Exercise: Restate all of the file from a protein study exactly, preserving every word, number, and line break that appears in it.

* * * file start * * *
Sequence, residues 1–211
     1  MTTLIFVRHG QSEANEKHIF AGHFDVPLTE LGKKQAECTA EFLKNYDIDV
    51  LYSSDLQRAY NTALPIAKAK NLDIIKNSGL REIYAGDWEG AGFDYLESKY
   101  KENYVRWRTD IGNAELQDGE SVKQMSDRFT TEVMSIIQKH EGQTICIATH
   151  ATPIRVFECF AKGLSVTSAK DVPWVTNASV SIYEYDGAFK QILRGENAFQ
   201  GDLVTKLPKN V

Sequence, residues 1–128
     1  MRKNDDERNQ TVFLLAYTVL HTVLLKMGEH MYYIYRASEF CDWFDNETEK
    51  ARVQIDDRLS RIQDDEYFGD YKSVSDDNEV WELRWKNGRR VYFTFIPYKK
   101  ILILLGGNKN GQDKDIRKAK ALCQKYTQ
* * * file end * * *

Sequence, residues 1–211
     1  MTTLIFVRHG QSEANEKHIF AGHFDVPLTE LGKKQAECTA EFLKNYDIDV
    51  LYSSDLQRAY NTALPIAKAK NLDIIKNSGL REIYAGDWEG AGFDYLESKY
   101  KENYVRWRTD IGNAELQDGE SVKQMSDRFT TEVMSIIQKH EGQTICIATH
   151  ATPIRVFECF AKGLSVTSAK DVPWVTNASV SIYEYDGAFK QILRGENAFQ
   201  GDLVTKLPKN V

Sequence, residues 1–128
     1  MRKNDDERNQ TVFLLAYTVL HTVLLKMGEH MYYIYRASEF CDWFDNETEK
    51  ARVQIDDRLS RIQDDEYFGD YKSVSDDNEV WELRWKNGRR VYFTFIPYKK
   101  ILILLGGNKN GQDKDIRKAK ALCQKYTQ